Rising temperatures and extreme weather events exacerbated by climate change are making farming conditions increasingly challenging and disrupting food distribution. But scientists in some of the world’s driest places are coming up with solutions to boost local food production by introducing plants that thrive with less-fertile soil and seawater.

In the Dubai desert, farmers must contend with intense heat, limited freshwater and sandy soil. Here, the International Center of Biosaline Agriculture (ICBA) is transplanting and growing salt-loving superfoods in an effort to expand food diversity in the region. “Freshwater is becoming more and more scarce,” explains Dionysia Angeliki Lyra, agronomist at the ICBA. “We have to focus on how we can utilize low-quality, saline water resources for food production.”

Desert farming has existed for thousands of years, but not all desert plants provide the nutrition needed to feed the growing population. The ICBA, a not-for-profit initiative launched in the United Arab Emirates in 1999, embarked on a mission to find highly nutritious crops all over the world that could adapt to and survive in extreme weather conditions — and thrive when grown using seawater and brine from desalination projects. Today, the ICBA boasts a unique collection of over 13,000 seeds. The program has introduced non-traditional crops to the desert, such as quinoa from the South American Andes.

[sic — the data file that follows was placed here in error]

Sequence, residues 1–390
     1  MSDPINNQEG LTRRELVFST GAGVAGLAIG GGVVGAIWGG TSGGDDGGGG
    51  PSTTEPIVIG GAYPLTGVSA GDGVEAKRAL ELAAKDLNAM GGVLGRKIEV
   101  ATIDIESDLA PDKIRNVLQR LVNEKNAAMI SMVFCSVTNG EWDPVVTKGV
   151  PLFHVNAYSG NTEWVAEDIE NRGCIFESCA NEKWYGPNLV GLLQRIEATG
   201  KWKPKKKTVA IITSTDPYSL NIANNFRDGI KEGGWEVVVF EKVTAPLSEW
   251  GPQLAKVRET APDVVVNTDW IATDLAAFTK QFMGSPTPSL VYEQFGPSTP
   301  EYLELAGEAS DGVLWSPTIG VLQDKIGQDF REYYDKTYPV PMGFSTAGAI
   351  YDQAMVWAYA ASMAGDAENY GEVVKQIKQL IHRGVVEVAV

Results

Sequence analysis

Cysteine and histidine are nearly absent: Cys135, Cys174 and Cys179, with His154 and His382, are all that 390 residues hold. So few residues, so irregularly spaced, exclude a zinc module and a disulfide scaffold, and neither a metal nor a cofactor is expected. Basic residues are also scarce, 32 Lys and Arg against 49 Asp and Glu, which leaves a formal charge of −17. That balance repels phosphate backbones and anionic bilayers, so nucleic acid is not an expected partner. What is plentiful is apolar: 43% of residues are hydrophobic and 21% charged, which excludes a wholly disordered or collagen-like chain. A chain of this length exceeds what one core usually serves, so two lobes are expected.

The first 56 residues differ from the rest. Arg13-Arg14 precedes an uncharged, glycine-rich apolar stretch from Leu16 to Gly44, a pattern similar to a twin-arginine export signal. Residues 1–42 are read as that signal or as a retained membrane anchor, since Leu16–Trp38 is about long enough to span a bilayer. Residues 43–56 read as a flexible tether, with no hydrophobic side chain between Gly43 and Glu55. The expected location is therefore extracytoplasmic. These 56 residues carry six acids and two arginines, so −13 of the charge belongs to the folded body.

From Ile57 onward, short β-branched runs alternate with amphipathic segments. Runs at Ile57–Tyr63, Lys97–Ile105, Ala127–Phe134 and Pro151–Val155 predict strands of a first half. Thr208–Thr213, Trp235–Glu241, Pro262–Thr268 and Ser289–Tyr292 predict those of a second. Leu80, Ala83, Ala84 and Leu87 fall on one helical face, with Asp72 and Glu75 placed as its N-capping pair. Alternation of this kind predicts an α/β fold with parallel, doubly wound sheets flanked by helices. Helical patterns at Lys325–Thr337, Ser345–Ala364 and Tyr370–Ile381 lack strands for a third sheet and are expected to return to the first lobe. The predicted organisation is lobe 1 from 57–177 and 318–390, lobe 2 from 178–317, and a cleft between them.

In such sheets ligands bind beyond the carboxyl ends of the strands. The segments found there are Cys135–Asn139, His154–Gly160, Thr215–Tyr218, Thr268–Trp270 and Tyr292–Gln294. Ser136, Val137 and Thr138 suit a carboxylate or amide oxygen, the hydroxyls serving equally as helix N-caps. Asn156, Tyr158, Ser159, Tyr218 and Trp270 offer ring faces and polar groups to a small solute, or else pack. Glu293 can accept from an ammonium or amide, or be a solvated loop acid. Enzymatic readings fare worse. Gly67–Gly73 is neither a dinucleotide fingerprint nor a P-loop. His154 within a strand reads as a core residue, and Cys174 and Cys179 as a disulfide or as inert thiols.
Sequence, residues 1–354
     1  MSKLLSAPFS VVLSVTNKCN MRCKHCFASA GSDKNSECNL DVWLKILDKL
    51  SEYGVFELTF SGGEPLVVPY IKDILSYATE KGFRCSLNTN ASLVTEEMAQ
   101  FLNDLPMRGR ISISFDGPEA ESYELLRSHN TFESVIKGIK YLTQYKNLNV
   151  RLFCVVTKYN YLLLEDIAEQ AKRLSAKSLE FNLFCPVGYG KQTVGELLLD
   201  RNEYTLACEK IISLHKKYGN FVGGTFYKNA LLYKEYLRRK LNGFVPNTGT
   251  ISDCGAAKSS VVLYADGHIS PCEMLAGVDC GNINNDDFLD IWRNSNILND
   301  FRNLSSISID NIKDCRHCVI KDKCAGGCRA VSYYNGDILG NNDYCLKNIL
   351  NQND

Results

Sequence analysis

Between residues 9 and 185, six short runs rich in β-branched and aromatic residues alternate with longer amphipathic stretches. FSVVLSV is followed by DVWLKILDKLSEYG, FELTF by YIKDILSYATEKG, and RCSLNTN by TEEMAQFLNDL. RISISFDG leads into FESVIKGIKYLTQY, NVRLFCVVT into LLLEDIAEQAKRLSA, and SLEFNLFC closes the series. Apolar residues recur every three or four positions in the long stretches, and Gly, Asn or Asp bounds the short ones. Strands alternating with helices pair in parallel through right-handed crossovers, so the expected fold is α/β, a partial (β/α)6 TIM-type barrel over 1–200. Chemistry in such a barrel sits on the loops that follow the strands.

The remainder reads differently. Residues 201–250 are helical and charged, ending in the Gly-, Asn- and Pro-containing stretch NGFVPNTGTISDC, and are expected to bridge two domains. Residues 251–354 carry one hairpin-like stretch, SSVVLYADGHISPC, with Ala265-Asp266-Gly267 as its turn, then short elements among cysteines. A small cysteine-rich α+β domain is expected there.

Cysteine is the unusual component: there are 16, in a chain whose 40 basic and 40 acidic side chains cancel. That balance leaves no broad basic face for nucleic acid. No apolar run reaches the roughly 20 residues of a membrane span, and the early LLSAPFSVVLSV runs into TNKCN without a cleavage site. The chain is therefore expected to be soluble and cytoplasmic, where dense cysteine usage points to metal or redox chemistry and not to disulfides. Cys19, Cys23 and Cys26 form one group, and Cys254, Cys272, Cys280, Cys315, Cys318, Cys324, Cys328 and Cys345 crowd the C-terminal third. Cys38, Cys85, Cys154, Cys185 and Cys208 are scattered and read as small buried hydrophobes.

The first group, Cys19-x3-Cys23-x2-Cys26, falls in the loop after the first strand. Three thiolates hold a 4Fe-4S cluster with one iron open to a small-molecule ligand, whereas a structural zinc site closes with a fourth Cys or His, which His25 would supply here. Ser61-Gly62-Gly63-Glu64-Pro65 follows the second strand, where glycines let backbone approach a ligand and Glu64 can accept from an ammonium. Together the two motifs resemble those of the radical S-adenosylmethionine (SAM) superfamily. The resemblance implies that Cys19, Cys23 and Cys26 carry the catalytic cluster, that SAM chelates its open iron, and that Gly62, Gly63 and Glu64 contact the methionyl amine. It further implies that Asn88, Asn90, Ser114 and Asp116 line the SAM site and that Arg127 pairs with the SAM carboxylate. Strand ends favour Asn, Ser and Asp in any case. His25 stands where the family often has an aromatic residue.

Its scientists tested over 1,200 varieties of quinoa, of which five can grow in these extreme conditions. Farmers in more than 10 countries in the Middle East and North Africa are already producing the superfood, and the ICBA is now introducing it in rural communities in Central Asia. Little-known beyond some parts of Europe and North America, salicornia is a plant from the southern US that needs saline water to grow. It has also been transported to the Dubai desert, where it is thriving. The center deems it the “desert superhero” thanks to its adaptability and versatility. The crop is used for food production and is being tested as a biofuel. The ICBA currently produces about 200 kilograms of quinoa and 500 kilograms of salicornia for research and seeding, while also working with a food company in Dubai to develop salicornia-based food products with the aim to increase consumer adoption. Lyra believes rethinking the types of foods farmers grow can have a long-term impact in these environments.